So the fictional experiences of Fantasy are not just apparently but literally more real than everyday Life in the modern world. They are real because they are understood by means of the eternal, the universal, the Human, the God-given; whereas the Primary world is perceived, but not understood, merely by the manipulative and dishonest and ever-changing abstract theoretical ideologies of our time and place – ideologies such as the dreary incoherence of Leftist ‘identity’ politics, antiracism, feminism, economic hypotheses, anti-colonialism, and the ever-mutating lies and inversions of sexuality and the sexual revolution.

In sum; Fantasy fiction (Fairy Stories) may currently be the only source of sustained and convincing ‘good metaphysics’ available to many people in The West: our only access to the eternal and universal truths of real reality – as contrasted with the despair-inducing, hope-less, meaningless, purposeless fake-realities of modern life.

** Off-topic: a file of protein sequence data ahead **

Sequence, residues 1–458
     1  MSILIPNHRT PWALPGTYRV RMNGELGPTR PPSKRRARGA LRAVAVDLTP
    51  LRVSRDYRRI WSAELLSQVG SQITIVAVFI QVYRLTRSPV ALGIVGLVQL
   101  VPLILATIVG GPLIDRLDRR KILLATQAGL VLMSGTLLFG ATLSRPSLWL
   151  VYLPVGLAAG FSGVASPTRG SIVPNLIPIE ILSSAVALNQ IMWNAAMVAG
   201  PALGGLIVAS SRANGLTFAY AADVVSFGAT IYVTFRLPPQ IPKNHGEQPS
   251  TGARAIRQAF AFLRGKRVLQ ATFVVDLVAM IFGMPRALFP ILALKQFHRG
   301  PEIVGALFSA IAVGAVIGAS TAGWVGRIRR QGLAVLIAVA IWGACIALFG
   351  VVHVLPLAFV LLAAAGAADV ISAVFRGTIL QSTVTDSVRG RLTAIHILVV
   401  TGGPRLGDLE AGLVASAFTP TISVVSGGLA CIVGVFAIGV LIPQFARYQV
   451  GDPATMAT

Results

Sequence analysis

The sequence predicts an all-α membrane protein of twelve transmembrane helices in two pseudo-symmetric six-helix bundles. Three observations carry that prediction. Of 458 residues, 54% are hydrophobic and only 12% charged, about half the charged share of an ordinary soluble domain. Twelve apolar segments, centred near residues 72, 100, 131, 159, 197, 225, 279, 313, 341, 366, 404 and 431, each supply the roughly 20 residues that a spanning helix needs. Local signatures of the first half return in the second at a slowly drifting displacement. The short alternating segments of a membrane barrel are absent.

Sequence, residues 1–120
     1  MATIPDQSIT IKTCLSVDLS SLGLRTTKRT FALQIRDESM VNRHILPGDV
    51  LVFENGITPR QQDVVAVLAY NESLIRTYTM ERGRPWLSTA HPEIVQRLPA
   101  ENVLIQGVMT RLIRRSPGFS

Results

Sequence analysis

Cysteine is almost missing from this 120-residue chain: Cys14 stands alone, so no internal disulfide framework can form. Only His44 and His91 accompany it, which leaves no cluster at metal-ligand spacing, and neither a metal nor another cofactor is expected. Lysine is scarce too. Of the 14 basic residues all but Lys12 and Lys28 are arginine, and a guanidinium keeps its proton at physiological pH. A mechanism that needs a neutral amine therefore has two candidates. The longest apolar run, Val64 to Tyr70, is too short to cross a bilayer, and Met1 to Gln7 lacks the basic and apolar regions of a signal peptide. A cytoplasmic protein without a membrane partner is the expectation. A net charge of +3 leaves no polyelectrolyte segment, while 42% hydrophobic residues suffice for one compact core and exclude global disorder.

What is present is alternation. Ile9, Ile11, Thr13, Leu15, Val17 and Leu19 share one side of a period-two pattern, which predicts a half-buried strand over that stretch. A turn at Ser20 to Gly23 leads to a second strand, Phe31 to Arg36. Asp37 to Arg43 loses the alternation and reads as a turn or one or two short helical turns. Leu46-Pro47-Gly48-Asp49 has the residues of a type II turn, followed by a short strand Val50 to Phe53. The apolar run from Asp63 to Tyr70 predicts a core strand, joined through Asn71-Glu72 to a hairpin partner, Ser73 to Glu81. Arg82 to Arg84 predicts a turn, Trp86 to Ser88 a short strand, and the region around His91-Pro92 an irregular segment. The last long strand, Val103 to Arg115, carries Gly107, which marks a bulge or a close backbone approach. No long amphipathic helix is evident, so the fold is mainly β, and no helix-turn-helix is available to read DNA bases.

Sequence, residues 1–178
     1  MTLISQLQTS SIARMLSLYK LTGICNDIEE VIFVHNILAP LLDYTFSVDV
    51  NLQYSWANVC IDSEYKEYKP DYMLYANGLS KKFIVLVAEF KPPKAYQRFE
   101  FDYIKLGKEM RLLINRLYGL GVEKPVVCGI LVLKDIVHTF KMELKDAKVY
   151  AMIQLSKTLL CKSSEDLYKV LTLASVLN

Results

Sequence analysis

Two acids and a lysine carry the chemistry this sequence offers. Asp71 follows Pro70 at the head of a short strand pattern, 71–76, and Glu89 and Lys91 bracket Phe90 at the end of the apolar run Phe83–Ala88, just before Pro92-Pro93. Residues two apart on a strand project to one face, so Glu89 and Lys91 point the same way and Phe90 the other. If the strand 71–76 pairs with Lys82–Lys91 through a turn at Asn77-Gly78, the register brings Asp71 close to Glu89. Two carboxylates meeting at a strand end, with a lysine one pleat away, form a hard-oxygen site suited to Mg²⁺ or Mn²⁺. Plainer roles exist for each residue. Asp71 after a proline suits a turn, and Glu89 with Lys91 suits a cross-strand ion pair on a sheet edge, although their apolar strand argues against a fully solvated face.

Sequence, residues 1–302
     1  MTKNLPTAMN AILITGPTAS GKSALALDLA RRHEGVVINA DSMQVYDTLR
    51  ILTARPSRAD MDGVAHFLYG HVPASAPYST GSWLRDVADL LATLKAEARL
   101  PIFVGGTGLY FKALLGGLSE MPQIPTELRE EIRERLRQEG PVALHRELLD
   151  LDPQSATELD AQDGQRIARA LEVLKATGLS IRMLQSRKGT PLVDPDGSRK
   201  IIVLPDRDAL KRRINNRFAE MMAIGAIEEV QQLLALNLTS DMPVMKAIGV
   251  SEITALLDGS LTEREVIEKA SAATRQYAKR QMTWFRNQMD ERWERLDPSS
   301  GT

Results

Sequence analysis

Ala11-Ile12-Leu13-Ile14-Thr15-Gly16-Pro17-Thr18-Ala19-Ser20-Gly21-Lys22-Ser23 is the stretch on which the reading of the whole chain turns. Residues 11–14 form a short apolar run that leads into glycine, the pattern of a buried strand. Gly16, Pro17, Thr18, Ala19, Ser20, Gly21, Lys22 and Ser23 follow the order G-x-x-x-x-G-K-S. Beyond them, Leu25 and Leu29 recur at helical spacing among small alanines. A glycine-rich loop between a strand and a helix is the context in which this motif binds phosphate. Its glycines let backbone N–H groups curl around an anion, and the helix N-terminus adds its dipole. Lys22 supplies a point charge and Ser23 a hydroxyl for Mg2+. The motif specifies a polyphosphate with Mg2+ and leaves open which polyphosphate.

Seventy years after Tolkien’s essay was first conceived, we are in a situation that Fairy Stories have become something close to a necessity for those who want to experience Life as it could and should be experienced… even more, a necessity for those who want to live in the real world; rather than the hellish-yet-addictive media-Matrix of alternating distractions, intoxications, lust and fear which is the world of mainstream public discourse.